K+BB Collective | The Designers' Corner

Jul 28 2016

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It’s All There in Black and White

Photo from Fabric.com

Photo from Fabric.com

As an interior designer, I’m constantly being asked to write about what the current design trends are. “Trend” meaning what’s popular right now, what people are drawn to – just like fashion, I suppose. Trends come and go, and I’d like to forget a lot of them from years gone by, like Tuscan design. Or in the fashion sense, gaucho pants.

But trends are important. It’s how we run our businesses, based on current styles and preferences. Where do they come from? What starts a new trend? In my opinion, I believe it’s all tied in with what’s going on in the outside world. For example, post-war 1950s was a time of relief, comfort and new beginnings. With that came bright, happy colors that conveyed the optimistic mood of the time (above).

I recently discovered that Benjamin Moore’s Color of the Year for 2016 is for all intents and purposes, not really a color. “Simply White” OC-117 is a creamy off-white tint. I won’t get in too deep as to the whys and wherefores of what this means, but given the chaos of the current world climate, it’s pretty obvious to me that we are seeking calm and needing a breath of fresh air (and neutrality) in our somewhat unsettling lives.

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Photo from Benjamin Moore

But isn’t an off-white color a little boring? Not necessarily. Using this soft neutral as a background and adding layers of texture and contrast, “Simply White” becomes anything but. As designers, it’s our job to take this everyday mundane color and bring it to another level. By adding layers of texture and graphic punch, this otherwise bland color becomes the background to a stunning design.

Simply White Interior

Photo from Benjamin Moore

Adding graphic contrast by using black patterns with white has been a trend in Europe for some time now. This great looking floor tile from MEROLA is a good example of how to add an up-to-date look to a classic black-and-white theme.

Photo from Merola Tile

Photo from Merola Tile

Even inexpensive subway tile can be used as a background for a great shelf detail in a kitchen. By using contrasting gray grout, adding graphic punch with brass shelf brackets and bringing in texture with simple black shelving can turn mundane into magnificent!

Photo from Rejuvenation.com

Photo from Rejuvenation.com

So I’m good with “Simply White” for now. Simple is good, and we could all use a little simplicity right now.

Jul 25 2016

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KBIS 2017 – An Early Look at Product Offerings

FLORIM_CDC_kitchen

We are already gearing up for KBIS 2017 in Orlando from Jan. 10-12, so we wanted to feature a few kitchen and bath products that have come across our desk that will debut at the show. Be sure and follow our special KBIS section in the upcoming issues of KBB for all things KBIS – events, products, trends – and more!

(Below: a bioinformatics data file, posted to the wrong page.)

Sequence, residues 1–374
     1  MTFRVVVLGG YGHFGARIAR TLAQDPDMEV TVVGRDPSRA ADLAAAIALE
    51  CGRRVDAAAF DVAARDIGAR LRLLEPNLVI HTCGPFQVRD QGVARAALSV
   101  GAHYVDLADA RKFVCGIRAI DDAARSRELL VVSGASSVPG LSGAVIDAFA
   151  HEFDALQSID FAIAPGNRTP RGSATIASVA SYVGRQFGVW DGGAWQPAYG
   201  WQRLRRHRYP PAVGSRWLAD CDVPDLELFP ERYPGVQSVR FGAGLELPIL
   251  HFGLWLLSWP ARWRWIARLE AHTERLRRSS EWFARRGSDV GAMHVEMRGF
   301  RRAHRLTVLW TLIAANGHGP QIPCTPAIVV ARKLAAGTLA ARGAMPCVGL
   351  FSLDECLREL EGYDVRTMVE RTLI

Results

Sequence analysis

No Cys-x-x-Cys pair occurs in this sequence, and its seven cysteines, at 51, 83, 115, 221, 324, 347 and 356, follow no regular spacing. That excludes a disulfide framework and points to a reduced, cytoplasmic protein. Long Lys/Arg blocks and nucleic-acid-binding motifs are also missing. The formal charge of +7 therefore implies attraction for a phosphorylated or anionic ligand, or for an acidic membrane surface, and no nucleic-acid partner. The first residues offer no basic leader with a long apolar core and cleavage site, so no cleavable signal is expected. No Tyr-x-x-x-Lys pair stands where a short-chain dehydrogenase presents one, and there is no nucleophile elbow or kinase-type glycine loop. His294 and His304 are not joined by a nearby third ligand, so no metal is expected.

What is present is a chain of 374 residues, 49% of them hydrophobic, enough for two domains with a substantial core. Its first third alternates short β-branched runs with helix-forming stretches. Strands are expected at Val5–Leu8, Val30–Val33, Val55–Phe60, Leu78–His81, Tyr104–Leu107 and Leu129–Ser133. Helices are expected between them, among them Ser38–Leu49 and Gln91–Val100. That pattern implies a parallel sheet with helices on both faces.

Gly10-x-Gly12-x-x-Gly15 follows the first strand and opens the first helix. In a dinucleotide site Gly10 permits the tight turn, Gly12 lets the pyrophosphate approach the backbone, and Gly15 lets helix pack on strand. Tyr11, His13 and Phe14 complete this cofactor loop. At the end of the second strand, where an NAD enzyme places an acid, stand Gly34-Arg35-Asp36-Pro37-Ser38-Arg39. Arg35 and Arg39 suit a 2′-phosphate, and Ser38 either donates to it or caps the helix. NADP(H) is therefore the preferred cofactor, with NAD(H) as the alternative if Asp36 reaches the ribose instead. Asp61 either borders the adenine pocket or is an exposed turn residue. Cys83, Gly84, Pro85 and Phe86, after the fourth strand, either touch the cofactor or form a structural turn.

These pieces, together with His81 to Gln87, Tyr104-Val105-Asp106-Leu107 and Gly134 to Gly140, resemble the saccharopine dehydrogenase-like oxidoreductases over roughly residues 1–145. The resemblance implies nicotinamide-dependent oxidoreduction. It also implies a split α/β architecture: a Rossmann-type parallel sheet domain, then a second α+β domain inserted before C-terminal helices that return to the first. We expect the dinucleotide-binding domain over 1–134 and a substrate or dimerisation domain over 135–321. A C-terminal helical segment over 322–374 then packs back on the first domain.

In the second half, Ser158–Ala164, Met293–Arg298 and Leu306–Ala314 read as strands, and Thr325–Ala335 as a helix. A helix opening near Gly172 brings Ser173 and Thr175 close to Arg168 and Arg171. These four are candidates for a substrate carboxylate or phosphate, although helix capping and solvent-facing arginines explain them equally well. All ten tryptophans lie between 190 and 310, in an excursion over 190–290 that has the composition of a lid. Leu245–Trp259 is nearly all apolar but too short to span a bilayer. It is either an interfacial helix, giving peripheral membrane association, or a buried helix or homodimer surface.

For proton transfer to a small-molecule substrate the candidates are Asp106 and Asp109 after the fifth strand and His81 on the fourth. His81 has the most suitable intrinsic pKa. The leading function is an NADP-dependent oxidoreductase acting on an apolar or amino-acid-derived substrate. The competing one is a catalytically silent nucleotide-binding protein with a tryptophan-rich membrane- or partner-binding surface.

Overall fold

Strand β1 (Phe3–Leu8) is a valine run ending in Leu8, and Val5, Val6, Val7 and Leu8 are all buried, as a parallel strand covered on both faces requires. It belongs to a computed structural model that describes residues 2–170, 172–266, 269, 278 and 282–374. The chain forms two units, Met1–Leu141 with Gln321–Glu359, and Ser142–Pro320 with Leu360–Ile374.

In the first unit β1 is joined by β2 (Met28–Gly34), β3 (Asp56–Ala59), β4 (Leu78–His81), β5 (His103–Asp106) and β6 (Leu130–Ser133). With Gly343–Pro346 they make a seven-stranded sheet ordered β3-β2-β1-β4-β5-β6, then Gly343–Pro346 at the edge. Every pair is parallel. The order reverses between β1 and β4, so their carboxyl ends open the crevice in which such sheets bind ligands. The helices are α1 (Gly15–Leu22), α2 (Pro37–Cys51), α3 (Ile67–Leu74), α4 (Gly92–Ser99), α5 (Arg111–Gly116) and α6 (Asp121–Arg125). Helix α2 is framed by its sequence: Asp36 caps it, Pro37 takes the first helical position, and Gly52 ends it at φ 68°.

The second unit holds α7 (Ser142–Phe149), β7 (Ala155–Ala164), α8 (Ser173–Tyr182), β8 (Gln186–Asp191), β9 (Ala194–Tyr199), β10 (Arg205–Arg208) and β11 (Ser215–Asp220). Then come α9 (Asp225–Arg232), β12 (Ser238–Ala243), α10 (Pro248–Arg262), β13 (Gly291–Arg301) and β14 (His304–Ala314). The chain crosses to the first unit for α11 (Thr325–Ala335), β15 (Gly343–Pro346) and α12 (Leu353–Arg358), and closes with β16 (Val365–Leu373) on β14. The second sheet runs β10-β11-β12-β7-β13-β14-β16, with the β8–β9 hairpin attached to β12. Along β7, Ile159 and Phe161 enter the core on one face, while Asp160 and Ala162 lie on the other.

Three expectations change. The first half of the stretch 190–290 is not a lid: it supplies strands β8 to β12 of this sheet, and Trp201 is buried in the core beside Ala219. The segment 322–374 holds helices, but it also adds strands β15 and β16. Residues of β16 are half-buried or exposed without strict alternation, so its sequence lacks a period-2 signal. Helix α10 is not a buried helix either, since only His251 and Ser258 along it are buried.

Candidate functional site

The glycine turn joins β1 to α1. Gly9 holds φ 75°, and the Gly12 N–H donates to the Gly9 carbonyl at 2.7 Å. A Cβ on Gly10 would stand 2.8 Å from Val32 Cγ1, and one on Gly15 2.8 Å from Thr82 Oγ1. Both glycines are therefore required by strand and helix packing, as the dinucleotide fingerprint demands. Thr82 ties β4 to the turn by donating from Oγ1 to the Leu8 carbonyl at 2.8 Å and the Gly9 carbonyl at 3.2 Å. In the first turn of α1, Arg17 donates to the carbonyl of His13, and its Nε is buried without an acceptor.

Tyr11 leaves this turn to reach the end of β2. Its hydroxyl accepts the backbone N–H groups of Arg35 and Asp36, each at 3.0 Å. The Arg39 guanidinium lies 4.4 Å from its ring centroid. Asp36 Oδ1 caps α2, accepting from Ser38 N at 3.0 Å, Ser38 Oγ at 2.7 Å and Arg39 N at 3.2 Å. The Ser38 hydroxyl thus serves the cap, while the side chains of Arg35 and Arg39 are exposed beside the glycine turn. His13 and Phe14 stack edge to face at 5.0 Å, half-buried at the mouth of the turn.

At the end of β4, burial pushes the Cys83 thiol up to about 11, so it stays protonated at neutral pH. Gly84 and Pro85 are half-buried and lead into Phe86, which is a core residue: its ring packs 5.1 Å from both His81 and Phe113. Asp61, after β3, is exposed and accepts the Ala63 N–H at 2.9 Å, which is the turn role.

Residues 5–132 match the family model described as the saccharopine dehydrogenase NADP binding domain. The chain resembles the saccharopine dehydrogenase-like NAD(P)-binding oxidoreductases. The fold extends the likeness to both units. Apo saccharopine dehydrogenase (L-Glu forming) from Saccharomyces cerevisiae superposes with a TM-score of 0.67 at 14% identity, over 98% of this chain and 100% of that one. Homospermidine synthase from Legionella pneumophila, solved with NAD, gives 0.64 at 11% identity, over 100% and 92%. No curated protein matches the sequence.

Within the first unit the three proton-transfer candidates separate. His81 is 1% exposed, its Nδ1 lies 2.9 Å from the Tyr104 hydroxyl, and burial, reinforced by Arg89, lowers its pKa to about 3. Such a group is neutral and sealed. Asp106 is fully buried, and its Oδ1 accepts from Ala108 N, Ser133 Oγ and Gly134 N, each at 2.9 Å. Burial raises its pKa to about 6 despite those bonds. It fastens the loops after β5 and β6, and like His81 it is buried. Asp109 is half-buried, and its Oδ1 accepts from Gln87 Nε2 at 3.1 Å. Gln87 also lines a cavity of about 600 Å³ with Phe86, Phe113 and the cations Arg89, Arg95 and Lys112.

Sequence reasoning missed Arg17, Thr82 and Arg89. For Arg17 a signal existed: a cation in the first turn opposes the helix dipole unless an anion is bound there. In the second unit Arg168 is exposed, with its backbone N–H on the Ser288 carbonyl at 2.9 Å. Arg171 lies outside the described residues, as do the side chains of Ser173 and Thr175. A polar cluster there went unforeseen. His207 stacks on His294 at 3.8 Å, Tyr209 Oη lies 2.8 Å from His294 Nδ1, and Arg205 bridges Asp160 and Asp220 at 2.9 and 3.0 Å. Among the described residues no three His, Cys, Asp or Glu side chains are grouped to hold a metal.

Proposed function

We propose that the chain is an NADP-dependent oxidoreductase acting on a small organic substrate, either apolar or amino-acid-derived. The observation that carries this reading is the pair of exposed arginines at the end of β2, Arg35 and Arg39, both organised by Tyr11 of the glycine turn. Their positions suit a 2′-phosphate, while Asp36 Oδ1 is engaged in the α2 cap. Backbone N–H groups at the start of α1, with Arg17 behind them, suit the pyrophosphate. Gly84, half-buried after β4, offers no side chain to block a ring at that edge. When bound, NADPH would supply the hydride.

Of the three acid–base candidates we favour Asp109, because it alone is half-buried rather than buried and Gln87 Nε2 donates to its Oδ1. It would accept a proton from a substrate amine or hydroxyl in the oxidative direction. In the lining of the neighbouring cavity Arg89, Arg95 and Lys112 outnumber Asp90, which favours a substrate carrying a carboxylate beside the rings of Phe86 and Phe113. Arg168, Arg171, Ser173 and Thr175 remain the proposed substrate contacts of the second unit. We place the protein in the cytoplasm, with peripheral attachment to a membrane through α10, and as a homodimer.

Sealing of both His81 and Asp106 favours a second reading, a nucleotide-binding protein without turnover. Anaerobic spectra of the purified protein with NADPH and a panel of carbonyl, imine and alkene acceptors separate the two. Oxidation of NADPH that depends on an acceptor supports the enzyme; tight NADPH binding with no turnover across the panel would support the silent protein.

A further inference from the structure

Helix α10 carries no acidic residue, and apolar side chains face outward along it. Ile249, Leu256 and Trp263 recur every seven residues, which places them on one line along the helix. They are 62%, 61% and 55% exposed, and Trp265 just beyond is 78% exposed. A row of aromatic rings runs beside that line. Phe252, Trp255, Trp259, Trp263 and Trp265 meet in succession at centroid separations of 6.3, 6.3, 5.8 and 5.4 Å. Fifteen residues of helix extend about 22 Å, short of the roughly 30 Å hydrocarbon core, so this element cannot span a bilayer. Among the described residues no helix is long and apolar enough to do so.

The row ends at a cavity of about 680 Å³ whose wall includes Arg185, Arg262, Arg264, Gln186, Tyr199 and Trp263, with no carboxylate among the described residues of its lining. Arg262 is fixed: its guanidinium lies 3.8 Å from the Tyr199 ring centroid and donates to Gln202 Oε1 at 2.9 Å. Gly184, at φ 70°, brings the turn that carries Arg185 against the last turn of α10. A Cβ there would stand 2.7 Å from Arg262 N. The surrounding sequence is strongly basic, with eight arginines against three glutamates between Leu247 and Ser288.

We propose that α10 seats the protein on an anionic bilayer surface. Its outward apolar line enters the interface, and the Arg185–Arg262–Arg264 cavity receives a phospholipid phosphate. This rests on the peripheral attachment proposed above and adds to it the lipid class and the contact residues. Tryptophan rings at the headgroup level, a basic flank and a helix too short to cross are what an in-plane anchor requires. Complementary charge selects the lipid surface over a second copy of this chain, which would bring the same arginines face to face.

This beautiful kitchen (above) is from the Casa Dolce Casa brand’s Stone & More collection, and features Calacatta and stone burl gray colors for the kitchen’s backsplash and slabs.

KWC’s INTRO bath line (below) is sophisticated, intuitive and ergonomic and is distinguished by technological innovations such as a Neoperl® Caché® SSR E swiveling jet regulator, which allows consumers to change the direction and angle of the jet of water to suit their needs. The collection also features a single-lever faucet and a widespread faucet and is available in chrome or splendure stainless steel.

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Watco’s Flex924 complete bath waste system (below) solves misalignment between the bathtub overflow and the bathtub drain connection. The Flex924 has flexible PVC tubing that connects the overflow to the sanitary tee of the bathtub. It bends to accommodate misalignment and eliminates the need for offsets. The Flex924 ships with a factory installed test membrane at the overflow and test plug for the drain that is testable up to five floors. The snap-on, Innovator overflow plate requires no screws and installs much easier than one- or two-hole overflows. Because the Innovator overflow extends through the overflow hole and is locked into place with a retainer nut, it eliminates leaks due to loose or faulty overflow attachments.

Flex

Kitchen Kompact’s Warmwood line (below) features a chestnut-brown tone, clean lines and recessed panel doors. The shaker-style cabinets are made in the USA.

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Jul 11 2016

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Small Kitchen Changes For Visual Results